In politics, they say, defeat often follows victory. A sobering thought while we sing praises of a dream win (206 out of the 243 seats) for the Nitish Kumar-led Janata Dal (United)-Bharatiya Janata Party, or JD(U)-BJP, combine in the just-concluded elections to the Bihar state assembly. It is a mandate for Kumar to lose from here.

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We don’t have to go too far back in history. The Congress-led United Progressive Alliance (UPA) serves as a good example. Re-elected by an unexpected margin in the April-May 2009 general election, it has floundered so badly that it now comes across as a lame-duck government as opposed to one which still has nearly four years left in power.

Kumar faces a similar situation as the UPA did immediately after the election to the 15th Lok Sabha.

The UPA’s return to power was managed by a smaller coalition, decimation of the opposition and, of course, some former (but troublesome) allies such as the Rashtriya Janata Dal (RJD) led by former railway minister and Bihar chief minister Lalu Prasad. And it only got better after the Congress combine won in Maharashtra. But in the last six months, the situation has unravelled so dramatically that its only failure, not containing double-digit food inflation, was eclipsed by corruption charges that piled up with unprecedented frequency.

As a result, the UPA, which otherwise has fantastic social democracy initiatives (such as the attempt to politically empower women by providing reservation in Parliament and state legislatures) to its credit, has, in public perception, assumed a dubious record that is synonymous with corruption and inflation—two highly sensitive electoral chords.

It will be impossible to prove, but it may well be that the JD(U)-BJP combine benefited from this negative image of the coalition in power at the Centre. It may have exaggerated the good governance image of Kumar to give the coalition the dramatic edge over its rivals that has left us all gasping. To be sure, the opposition was splintered after the Congress and the RJD failed to strike an alliance.

It would be a mistake to misread the mandate. It is an overwhelming vote to realize the aspirational quotient of the residents of Bihar and hence, a verdict on those who made credible promises—not the other way round. It was almost as if all of Bihar believes that Kumar holds the key to the revival of their state, which otherwise had hit its lowest ebb by the turn of the millennium after stagnating from the 1970s. The burden of expectations is obvious.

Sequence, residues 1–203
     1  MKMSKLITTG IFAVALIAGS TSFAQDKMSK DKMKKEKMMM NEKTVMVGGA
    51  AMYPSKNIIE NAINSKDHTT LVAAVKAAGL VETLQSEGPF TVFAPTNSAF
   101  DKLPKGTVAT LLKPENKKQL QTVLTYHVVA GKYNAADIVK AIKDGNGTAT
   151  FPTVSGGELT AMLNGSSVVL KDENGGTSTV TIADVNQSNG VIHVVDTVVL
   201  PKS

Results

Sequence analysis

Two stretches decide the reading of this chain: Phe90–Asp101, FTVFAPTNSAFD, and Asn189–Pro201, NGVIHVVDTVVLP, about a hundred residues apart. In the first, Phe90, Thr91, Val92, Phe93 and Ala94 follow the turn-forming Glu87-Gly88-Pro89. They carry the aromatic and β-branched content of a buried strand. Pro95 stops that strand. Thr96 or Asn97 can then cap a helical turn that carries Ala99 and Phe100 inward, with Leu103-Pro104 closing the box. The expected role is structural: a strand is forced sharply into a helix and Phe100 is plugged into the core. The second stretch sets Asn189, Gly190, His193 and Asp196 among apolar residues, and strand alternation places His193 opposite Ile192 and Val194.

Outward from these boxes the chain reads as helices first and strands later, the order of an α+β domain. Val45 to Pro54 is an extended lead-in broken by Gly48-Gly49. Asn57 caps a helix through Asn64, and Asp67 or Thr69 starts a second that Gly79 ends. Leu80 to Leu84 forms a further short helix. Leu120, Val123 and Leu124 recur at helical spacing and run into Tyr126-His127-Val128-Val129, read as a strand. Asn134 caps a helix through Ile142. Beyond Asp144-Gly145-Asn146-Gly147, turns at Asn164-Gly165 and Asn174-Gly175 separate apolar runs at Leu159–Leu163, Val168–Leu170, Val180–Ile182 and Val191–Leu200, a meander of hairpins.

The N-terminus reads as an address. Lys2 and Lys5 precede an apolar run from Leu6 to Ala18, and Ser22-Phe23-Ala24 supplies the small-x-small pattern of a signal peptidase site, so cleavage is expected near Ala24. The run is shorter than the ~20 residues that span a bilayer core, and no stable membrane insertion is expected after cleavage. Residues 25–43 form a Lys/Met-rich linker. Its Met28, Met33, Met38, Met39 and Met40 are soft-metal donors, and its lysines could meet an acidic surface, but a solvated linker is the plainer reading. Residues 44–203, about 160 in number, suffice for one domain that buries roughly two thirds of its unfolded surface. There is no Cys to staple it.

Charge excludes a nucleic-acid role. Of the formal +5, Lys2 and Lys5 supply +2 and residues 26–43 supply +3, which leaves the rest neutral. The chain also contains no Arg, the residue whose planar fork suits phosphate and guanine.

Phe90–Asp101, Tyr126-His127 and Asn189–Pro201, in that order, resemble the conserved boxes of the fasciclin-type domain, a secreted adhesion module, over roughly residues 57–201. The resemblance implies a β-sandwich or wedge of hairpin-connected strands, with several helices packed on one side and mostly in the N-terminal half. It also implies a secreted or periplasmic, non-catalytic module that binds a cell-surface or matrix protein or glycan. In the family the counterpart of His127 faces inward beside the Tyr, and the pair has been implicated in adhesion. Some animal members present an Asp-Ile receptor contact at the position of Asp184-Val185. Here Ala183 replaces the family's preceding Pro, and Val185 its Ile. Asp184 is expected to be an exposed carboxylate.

For Bihar, the surge in aspirations has been greater than normal. Even as the country’s demography altered—with 50% of the one billion population now below the age of 25—India launched into an unprecedented growth phase. This growth, though visible to all, was not shared equally across the states; particularly in the case of Bihar (often uncharitably included in the so called BIMARU states made up of Bihar, Madhya Pradesh, Rajasthan and Uttar Pradesh, all of which suffered anaemic growth). So the aspirations of this state were excessive.

It is to Kumar’s credit that he recognized this and made a virtue out of necessity. Handicapped for want of a popular caste bond and up against entrenched interests, Kumar realized that feeding these aspirations was a sure way of altering the conventional power equations. By providing road connectivity, law and order, and creating self-help groups headed by women (targeted gender as an electoral ally, something like N.T. Rama Rao did in the early 1980s in Andhra Pradesh), Kumar cleverly created new stakeholders in the development process (Capital Calculus had flagged this on 18 October). Since there had been virtually no economic growth earlier, Kumar and his regime became synonymous with development—a clever piece of branding that would do any corporate entity proud.

The expectations underlying the overwhelming mandate show that this was the easy part. Going forward, Kumar does not hold the advantage of a low base any more. Also, the indices of growth are going to be less tangible from now on, and hence, difficult to showcase; you can measure investments in roads and infrastructure, but how does one give a number to empowerment, or ensure that people continue to be included in the growth process at the same pace when the next round of benefits will percolate differentially based on education, economic status and so on. All the more since Bihar is primarily an agrarian state, and is likely to stay so.

Value-added agriculture—something that is being attempted in parts of Bihar—can lift people up, but not in the manner that big-ticket manufacturing projects can.

It is unlikely that Kumar is not seized of this. The subdued manner in which the victory was acknowledged suggests that the chief minister, a shrewd politician, is looking ahead, and not behind. For him, personally, there is much more at stake. If indeed he does overcome the odds and delivers yet again, there is a good chance that the outcome in Bihar after the next general election in 2014 would not be any different. It would make Kumar a strong choice for prime minister, given his impeccable secular credentials.

If indeed this does play out, it will be the crowning glory for the people of Bihar.

Anil Padmanabhan is a deputy managing editor of Mint and writes every week on the intersection of politics and economics.

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